Beyond the 39th Anniversary of Solomon Mahlangu’s judiciary murder

Sunday, April 8, 2018

By Lennox Mzoxolo Klaas

As a member of a detachment that came after Solomon Mahlangu’s, a member of MK Madinoga detachment, Solly being a member of The June 16 Detachment, this is my perspective and how I chose to remember Solly. 

As we read this piece, the 39th anniversary of Solomon Mahlangu’s judiciary murder, let us try to get into his azimuth and attempt to respond to a number of questions he might have for us. Let us try and see if we are able to get to the direction and the destination he sought to reach. 

As we honour this true patriot, a member of the oldest African Movement and its military Wing uMkhonto Wesizwe, are we ready to heed to the call that solicit this response, Thuma Mina?  

Only at 20 years of age in 1976, Solly responded to this call when he picked up the AK 47 to fight for this Freedom we now enjoy. 

We know he used his last breath not asking for mercy but being resolute to the cause of our freedom when he was confronted by the hangman’s noose.  

As we retrace Solomon Mahlangu’s last 52 steps, can we take a second to reflect on the true meaning of his last words when he steered the belly of the apartheid monster, when he came face to face with the hangman and his noose.  

Those who were there on the execution day, the 6th of April 1979, shared with the world his last message, instead of crying for mercy, Solly said “ My blood will nourish the tree that will bear the fruits of Freedom, tell my people I love them, they must continue with the struggle”.  

Solly's cause and struggle for a better life for all will continue to seem in vain if we prolong to pick up his spear and say Thuma mina. 

Our positive response to the call will allow Solly’s spirit to settle as his vision of a better life for all will help to regain the sense of worth.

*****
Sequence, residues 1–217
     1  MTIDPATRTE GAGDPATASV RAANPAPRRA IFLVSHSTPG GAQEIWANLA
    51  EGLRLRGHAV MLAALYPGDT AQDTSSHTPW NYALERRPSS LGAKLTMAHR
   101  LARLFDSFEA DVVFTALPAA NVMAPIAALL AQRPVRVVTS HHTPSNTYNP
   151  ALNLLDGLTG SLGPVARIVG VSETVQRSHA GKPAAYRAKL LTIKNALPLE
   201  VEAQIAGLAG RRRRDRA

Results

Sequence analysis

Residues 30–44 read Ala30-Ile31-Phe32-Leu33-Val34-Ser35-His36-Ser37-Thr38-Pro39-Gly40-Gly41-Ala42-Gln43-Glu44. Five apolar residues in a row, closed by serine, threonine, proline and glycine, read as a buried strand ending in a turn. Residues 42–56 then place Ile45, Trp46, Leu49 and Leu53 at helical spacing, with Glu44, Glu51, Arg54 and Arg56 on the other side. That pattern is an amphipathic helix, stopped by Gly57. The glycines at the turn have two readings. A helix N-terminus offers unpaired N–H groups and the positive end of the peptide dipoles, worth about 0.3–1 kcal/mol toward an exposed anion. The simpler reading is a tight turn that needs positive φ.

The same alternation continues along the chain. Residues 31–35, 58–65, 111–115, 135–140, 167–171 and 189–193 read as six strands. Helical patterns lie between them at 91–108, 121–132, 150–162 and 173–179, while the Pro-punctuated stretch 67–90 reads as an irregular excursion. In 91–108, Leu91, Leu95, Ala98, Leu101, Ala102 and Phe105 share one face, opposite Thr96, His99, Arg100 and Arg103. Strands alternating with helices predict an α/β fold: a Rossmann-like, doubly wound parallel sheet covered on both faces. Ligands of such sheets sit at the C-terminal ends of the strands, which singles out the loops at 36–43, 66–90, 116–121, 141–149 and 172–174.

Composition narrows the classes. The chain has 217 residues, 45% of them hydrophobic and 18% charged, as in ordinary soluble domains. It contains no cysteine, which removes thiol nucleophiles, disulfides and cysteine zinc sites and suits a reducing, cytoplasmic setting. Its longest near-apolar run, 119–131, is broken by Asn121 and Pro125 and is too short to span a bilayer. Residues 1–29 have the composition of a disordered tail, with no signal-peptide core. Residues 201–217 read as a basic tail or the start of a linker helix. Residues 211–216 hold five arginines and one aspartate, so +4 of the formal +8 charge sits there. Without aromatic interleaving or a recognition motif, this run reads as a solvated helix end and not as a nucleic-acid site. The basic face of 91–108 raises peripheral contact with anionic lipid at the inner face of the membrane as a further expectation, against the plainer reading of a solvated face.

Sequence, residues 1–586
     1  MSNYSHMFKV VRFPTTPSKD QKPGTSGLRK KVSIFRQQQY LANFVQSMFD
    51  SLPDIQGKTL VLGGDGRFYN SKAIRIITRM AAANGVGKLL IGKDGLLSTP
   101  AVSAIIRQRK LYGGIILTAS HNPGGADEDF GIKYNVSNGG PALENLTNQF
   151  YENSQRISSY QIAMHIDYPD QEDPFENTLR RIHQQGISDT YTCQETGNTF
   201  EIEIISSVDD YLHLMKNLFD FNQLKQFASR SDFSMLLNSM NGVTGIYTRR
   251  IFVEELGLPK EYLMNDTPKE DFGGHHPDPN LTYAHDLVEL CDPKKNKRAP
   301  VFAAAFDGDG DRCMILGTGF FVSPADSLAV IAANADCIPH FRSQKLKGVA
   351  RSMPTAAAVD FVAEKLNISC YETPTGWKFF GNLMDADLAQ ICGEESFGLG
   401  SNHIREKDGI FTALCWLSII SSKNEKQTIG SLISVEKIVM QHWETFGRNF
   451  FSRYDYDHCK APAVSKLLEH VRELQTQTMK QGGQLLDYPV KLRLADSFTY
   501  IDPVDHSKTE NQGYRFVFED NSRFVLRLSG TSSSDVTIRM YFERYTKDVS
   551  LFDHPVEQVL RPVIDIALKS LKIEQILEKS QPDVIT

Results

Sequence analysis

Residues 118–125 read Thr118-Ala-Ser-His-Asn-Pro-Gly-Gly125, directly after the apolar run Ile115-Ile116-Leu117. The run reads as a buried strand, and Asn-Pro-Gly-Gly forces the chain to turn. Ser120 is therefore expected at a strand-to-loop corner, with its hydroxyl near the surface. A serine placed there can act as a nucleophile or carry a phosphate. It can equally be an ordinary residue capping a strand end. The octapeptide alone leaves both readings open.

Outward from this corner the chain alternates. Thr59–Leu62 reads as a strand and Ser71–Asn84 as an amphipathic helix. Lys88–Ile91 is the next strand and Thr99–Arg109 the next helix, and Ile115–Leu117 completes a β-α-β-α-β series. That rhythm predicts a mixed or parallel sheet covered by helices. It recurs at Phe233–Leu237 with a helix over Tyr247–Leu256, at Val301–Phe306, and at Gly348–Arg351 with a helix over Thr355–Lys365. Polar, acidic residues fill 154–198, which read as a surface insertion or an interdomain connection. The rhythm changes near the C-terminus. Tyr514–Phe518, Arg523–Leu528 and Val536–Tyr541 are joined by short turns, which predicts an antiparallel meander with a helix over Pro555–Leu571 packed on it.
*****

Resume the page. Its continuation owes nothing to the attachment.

He was only 23 years old when he was crucified, a judge whose name is probably forgotten by many, believed Solly will be asking for his mercy and he strongly believed his name will soon be forgotten after he was sentenced to death. 

Millions of South Africans who were not even born at the time of this execution continue to sing songs and recite poems about this gallant fighter. 

One of the survivors from the belly of the hangman has indicated that Solly died many times before his hanging by the racists apartheid machinery. His colleague, who was in the death row as well, spoke of a tradition called mock hangings at the Pretoria Central Prison. 

The prison authorities would psychologically torture them by pretending it was time for their hanging and undergo the process only to be told shortly before releasing the trap door that it was a mock ceremony, you can just imagine this. Apartheid South Africa’s version of torture such as were seen during Adolf Hitler’s concentration camps. 

In spite of all this, Solly remained resolute.  He did not break contrary to the  judge’s opinion and in fact history has proved the opposite. The anniversary to mark Solomon Mahlangu’s judiciary murder is a regular event in the countries’ calendar. 

Solomon Mahlangu’s annual anniversary is attended and addressed by South Africa's’ democratic Presidents in his honor, a tradition initiated by the late African National Congress President Oliver Reginald Tambo in all the camps and the military bases of Umkhonto Wesizwe.